Teacher must pay £30 compensation for biting three-year-old

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The Independent Online

A teacher at an independent preparatory school who bit a three-year-old boy to teach him a lesson for biting another pupil was given a conditional discharge yesterday.

Mary-Ann Woodeson, 49, bit the boy on the arm after an older pupil complained that the toddler had bitten him on the back in the playground at Stretton School, Norwich, in July. She had found the eight-year-old boy crying and decided to teach the younger child his behaviour was unacceptable, Norwich magistrates were told. The teacher pulled the three-year-old towards her and bit him. A school spokesperson said then that the little boy's arm was treated with witch hazel and ice and he was given a cake. But his mother saw his arm was bruised and swollen and complained to the school.

Woodeson, a teacher for 19 years who has four children, resigned from the £1,650-a-year school and wrote a letter of apology to the boy's family. But she was charged with common assault after his mother complained to the police. She admitted the charge yesterday.

Jonathan Brock, for the defence, said it was a "reckless act" but was not premeditated. He added: "The only thing that was in her mind was to make a gesture towards a child and make him appreciate that it was not suitable behaviour."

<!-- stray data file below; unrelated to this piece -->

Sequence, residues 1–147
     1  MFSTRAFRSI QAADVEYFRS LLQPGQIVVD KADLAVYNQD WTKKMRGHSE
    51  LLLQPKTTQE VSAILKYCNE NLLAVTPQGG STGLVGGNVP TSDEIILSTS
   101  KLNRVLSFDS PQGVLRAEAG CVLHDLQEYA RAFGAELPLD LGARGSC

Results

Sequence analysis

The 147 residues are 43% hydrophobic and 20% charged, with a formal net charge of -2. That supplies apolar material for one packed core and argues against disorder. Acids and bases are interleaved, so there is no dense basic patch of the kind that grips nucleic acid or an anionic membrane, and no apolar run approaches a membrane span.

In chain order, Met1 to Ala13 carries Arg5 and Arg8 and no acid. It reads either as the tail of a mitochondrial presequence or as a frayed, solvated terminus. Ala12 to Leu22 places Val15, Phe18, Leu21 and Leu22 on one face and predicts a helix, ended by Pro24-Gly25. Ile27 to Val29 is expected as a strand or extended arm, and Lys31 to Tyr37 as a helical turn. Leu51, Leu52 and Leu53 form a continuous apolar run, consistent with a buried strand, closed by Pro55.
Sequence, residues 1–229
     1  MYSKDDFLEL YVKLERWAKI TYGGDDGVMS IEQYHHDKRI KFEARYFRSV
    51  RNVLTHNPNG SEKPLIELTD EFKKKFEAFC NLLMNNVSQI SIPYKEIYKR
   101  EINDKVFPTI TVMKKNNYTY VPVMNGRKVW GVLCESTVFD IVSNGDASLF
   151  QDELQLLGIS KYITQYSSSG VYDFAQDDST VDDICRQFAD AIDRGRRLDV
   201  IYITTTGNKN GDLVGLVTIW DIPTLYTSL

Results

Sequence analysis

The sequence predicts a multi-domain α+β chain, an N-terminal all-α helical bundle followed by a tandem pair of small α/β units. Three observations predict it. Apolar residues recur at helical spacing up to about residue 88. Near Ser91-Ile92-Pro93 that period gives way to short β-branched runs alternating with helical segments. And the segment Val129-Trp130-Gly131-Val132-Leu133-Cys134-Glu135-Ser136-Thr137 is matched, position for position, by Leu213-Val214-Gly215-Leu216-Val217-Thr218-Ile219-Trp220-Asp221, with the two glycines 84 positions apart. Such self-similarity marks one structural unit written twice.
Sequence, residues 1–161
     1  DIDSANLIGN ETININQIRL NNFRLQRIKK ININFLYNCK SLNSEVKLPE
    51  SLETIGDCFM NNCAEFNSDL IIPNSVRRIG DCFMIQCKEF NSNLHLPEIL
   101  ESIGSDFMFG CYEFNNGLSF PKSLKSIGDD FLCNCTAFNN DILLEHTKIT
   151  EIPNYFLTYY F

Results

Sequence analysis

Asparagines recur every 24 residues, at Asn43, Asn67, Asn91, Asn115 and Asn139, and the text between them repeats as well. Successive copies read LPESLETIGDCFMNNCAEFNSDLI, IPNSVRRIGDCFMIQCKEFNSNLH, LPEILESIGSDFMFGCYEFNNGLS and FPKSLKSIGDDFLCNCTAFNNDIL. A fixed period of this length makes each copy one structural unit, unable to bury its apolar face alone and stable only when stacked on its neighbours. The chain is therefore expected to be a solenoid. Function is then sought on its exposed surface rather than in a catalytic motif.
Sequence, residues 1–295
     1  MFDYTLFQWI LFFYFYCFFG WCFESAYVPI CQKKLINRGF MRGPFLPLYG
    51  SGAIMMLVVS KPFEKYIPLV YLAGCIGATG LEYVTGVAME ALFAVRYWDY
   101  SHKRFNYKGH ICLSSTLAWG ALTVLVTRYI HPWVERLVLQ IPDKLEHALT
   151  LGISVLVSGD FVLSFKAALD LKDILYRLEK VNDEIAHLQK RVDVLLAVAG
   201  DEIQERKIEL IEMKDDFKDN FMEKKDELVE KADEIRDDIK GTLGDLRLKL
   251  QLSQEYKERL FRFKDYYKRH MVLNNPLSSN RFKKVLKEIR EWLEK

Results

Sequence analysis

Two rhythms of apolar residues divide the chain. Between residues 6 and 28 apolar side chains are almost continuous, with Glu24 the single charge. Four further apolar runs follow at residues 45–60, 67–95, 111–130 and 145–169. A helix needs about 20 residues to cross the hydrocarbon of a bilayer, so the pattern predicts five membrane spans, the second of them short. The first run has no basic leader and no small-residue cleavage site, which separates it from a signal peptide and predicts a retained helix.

Woodeson, of Scarning near Dereham, Norfolk, has arthritis and appeared in court in a wheelchair. She is on disability benefit. She was given a conditional discharge and ordered to pay £30 compensation to the boy and £35 towards prosecution costs.

The mother of the three-year-old boy and the head- teacher, Yvonne Barnett, who is also Mrs Woodeson's mother, refused to comment yesterday. Earlier this year Mrs Barnett defended her daughter, saying she had only been pretending to bite the boy and her teeth had accidentally touched his arm when he had suddenly pulled away. She said: "We feel it has been blown up out of all proportion."

The school, which was founded by Mrs Barnett in 1969, was praised by Ofsted inspectors last year. It has 110 children aged from two to nine, many of them with parents working at the nearby Norfolk and Norwich Hospital.

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